Can You Record the Police?

The First Amendment gives private citizens the right to record law enforcement officers while exercising their duties. But this right is not applicable to all situations. Indiana state laws and regulations may lead to an arrest if you record the police in some circumstances.

If you were arrested while trying to record police officers, contact an experienced Evansville criminal defense lawyer. For now, let’s explain the most important facts related to your right to record police officers.

New Indiana Law Restricts the Right to Record the Police

House Bill 1186 determines that it is a Class C misdemeanor to approach within 25 feet of a police officer, after the officer ordered the person to stop. Proponents of the new law justified this 25-feet radius as necessary to allow law enforcement officers to intervene without intrusion or obstruction from anyone.

So far, the law was attacked in court by several civil rights and media associations. In one lawsuit, the judge dismissed the challenge, while another is still pending. For now, the law remains in force and anyone approaching police officers with any purpose, including recording them, may be charged with misdemeanor.

Do Not Point Your Camera as a Gun

One of the most important things to remember when recording law enforcement officers is not to appear threatening. Police interventions may happen at night, or in poorly lit environments. These actions are often performed as quickly as possible, to limit injuries to others.

Officers will react quickly to anything that appears threatening. To reduce the risk of being perceived as a threat, move slowly and do not point your camera as if it were a gun. Even if it is a mobile phone, a police officer may claim that the item you were pointing at them resembled a deadly weapon.

Do Not Use Hidden Recording Devices

The First Amendment protects your right to openly record law enforcement officers. This means that the recording device must be visible, and the officers are aware that you are recording them.

If the police have probable cause to frisk you and they discover a hidden camera, you may face criminal charges.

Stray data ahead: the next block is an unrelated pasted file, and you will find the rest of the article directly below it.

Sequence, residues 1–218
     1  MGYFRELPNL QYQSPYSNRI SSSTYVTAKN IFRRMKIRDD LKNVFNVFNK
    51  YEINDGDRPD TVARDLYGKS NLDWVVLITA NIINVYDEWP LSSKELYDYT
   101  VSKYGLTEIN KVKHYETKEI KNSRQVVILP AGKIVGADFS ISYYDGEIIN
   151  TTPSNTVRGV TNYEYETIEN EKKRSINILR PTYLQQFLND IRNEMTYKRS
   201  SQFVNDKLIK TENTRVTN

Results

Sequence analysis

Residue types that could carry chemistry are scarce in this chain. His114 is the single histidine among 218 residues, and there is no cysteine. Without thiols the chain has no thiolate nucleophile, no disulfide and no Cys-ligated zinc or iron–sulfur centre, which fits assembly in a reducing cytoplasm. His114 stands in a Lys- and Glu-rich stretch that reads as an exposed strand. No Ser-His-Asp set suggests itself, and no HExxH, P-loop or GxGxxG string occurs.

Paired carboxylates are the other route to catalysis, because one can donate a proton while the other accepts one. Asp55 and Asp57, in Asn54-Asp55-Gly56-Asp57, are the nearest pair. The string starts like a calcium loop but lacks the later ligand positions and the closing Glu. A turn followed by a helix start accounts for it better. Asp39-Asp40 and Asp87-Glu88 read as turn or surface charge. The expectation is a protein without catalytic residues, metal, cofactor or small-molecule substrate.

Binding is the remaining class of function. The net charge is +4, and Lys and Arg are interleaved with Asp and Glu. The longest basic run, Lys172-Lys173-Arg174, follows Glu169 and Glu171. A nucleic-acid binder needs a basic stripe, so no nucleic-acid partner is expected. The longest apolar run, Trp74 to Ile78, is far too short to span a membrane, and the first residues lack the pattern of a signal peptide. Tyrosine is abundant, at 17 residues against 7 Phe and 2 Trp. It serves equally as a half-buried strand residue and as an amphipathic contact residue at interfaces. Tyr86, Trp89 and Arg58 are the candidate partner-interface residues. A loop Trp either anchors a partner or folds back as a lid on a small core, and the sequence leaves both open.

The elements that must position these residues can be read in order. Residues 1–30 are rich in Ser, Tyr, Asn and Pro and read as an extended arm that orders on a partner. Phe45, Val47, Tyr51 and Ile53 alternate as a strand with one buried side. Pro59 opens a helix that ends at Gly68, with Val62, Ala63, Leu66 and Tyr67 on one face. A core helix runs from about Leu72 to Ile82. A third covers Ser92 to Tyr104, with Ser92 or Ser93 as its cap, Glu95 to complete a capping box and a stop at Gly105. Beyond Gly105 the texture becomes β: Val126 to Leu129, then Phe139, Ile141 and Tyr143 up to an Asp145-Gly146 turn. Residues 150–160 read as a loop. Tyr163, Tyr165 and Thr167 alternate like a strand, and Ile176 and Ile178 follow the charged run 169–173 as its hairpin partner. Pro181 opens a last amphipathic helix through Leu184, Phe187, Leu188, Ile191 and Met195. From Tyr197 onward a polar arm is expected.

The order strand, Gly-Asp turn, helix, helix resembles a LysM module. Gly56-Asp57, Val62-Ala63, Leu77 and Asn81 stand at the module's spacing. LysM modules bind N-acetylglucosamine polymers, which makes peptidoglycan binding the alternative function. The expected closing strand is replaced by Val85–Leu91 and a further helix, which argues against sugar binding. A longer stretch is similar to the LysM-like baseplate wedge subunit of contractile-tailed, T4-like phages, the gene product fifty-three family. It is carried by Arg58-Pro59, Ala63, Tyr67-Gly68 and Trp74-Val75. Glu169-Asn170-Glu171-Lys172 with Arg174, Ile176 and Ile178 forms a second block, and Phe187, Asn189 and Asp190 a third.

Indiana passed a law restricting the right to film the police

Assert Your Right to Record the Police

If a police officer approaches you telling you to stop recording them, affirm your constitutional right in a calm and courteous manner. Make sure you are not interfering with the officer’s actions and say it clearly, so that your voice can be heard on the recording.

If you face any charges, your own recording will be valuable evidence in your favor. This is why you must make sure that you store the recording carefully, preferably using a cloud storage service. Do not make any changes to it, as it may be interpreted as tampering with evidence. And remember to contact an experienced Evansville criminal defense attorney as soon as possible after being charged for the action of recording the police.

Do Not Resist Arrest

Despite your attempts to avoid intruding or obstructing the police officers, they may still arrest you while you are recording them. At this point, you won’t do yourself any favors if you attempt to resist arrest or encourage others to prevent police officers from arresting you.

Remain calm and cooperative. Surrender the recording device upon request. You should anticipate the fact that the police may try to destroy your recording, so enable auto-saving to a password protected cloud storage facility.

Contact a Skilled Evansville Criminal Defense Lawyer!

If the police arrest you for recording them, do not take the charge lightly. You may be convicted, even if your own recording proves that you were not interfering with the officers’ actions. You will need a skilled Evansville criminal defense lawyer  to build your defense and persuade the judge that you were only exercising your rights, and not breaking the law.

Contact Verdelski Miller as soon as possible after being charged to schedule a free case evaluation at 812-247-6453!

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